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public class Sample
     static int count = 0;
     public int abc;
     public Sample()
        abc = ++Sample.count;

I want to create an array of above class, and want each element in the array to be initialized by invoking the default constructor, so that each element can have different abc.So I did this:

Sample[] samples = new Sample[100];

But this doesn't do what I think it should do. It seems this way the default constructor is not getting called. How to invoke default constructor when creating an array?

I also would like to know what does the above statement do?

share|improve this question
why don't you just use the array index, its unique and auto incremental as per your code – Kris Ivanov Jan 29 '11 at 21:18
On a side note - that code is not thread-safe; you should use id = Interlocked.Increment(ref count) instead, and start with static int count = 1 (since Interlocked.Increment returns the old value). – Marc Gravell Jan 29 '11 at 21:20
well in the code above you just declared an array of size 100, there are no items in it. – Victor Jan 29 '11 at 21:20
@Ivanov if he does that, when he pulls an item out of the array he wont have a unique identifier for the object. – Victor Jan 29 '11 at 21:21
Side not to side note: But if you are not using multiple threads - don't use Interlocked.Increment instead of ++. – Alexei Levenkov Jan 29 '11 at 21:27
up vote 30 down vote accepted

You can't, basically. When you create an array, it's always initially populated with the default value for the type - which for a class is always a null reference. For int it's 0, for bool it's false, etc.

(If you use an array initializer, that will create the "empty" array and then populate it with the values you've specified, of course.)

There are various ways of populating the array by calling the constructor - I would probably just use a foreach loop myself. Using LINQ with Enumerable.Range/Repeat feels a little forced.

Of course, you could always write your own population method, even as an extension method:

public static T[] Populate<T>(this T[] array, Func<T> provider)
    for (int i = 0; i < array.Length; i++)
        array[i] = provider();
    return array;

Then you could use:

Sample[] samples = new Sample[100].Populate(() => new Sample());

What I like about this solution:

  • It's still a single expression, which can be useful in various scenarios
  • It doesn't introduce concepts you don't actually want (like repeating a single value or creating a range)

Of course you could add more options:

  • An overload which takes a Func<int, T> instead of a Func<T>, passing the index to the provider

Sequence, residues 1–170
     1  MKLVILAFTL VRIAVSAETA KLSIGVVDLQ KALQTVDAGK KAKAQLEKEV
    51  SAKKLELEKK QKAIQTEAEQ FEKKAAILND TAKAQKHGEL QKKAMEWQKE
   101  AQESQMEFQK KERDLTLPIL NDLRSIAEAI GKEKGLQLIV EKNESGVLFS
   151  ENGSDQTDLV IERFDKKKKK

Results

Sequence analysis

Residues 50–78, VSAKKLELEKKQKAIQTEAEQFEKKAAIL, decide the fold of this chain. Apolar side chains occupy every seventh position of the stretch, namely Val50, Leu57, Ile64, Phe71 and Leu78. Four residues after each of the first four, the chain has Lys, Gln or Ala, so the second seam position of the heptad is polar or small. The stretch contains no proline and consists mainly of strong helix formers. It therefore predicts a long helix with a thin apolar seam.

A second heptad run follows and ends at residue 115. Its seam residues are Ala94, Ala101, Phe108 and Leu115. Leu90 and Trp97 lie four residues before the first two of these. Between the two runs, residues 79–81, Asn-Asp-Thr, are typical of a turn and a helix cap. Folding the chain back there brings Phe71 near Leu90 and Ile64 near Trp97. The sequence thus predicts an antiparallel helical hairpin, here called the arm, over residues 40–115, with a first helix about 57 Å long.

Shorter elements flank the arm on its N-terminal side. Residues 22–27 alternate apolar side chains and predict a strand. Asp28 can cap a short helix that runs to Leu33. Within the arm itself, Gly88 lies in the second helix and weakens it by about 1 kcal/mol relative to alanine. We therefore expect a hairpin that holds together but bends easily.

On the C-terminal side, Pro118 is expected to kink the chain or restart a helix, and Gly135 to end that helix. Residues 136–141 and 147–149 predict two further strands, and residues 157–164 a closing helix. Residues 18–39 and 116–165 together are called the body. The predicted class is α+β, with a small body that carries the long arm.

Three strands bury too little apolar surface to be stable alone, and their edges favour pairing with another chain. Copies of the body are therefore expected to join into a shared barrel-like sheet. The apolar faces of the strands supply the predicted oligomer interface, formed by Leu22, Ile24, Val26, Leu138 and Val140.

• A non-extension method which creates the array and populates it
share|improve this answer
I liked this solution most. :-) Reusable Method. :-) – Nawaz Jan 29 '11 at 21:31
Another useful overload is replace , Func<T> provider) with ) where T : new() and then you don't need to pass in a delegate at all if you are just using the default constructor (you will also need to replace provider() with new T()). – Scott Chamberlain Apr 26 '13 at 18:54

There is no way to do this automatically; array initialization is essentially "wipe this block of memory to 0s". You would have to do something like:

var arr = new SomeType[size];
for(int i = 0 ; i < size ; i++) arr[i] = new SomeType();
share|improve this answer

Your code creates only the array, but neither of its items. Basically, you need to store instances of Sample into this array.

To put it simple, without any fancy LINQ etc.:

Sample[] samples = new Sample[100];
for (int i = 0; i < samples.Length; i++) samples[i] = new Sample();

Please also note your solution is not thread-safe.

share|improve this answer

The problem is that by declaring that array, you never allocated space for each object. You merely allocated space for 100 objects of type Sample. You'll have to call the constructor on each yourself.

To elaborate:

Food[] foods = Food[100];
for (int k = 0; k < foods.length; k++) {
   foods[k] = new Food();

An interesting work around might be a factory function. Consider attaching this to your Sample class.

public static Sample[] getInstances(int aNumber) {
    Sample[] sample = Sample[aNumber];
    for (int k = 0; k < sample.length; k++) {
       sample[k] = new Sample();

    return sample;

Hides the blemish, a bit - providing this is a useful function to you.

share|improve this answer
So that is the minimal code that I must write? – Nawaz Jan 29 '11 at 21:23
I edited it with a solution you might like. Short answer is yes, though. :/ – Mike Jan 29 '11 at 21:26
You're creating array of Food but the return type is Sample[] :P – Nawaz Jan 29 '11 at 21:29
I can't count the number of times I've done this. Thanks. – Mike Jan 29 '11 at 21:31

At this point you have an empty array of size 100, if you want to fill it with items, then you would have to do something like:

for(int i=0; i<samples.Length; i++) {
   samples[i] = new Sample();
share|improve this answer

Here is another one-liner that doesn't require any extension method:

Sample[] array = Enumerable.Range(0, 100).Select(i => new Sample()).ToArray();

Another nice option is Scott's suggestion to Jon's answer:

public static T[] Populate<T>(this T[] array) 
    where T : new()
    for (int i = 0; i < array.Length; i++)
        array[i] = new T();
    return array;

So you can do:

Sample[] array = new Sample[100].Populate();
share|improve this answer

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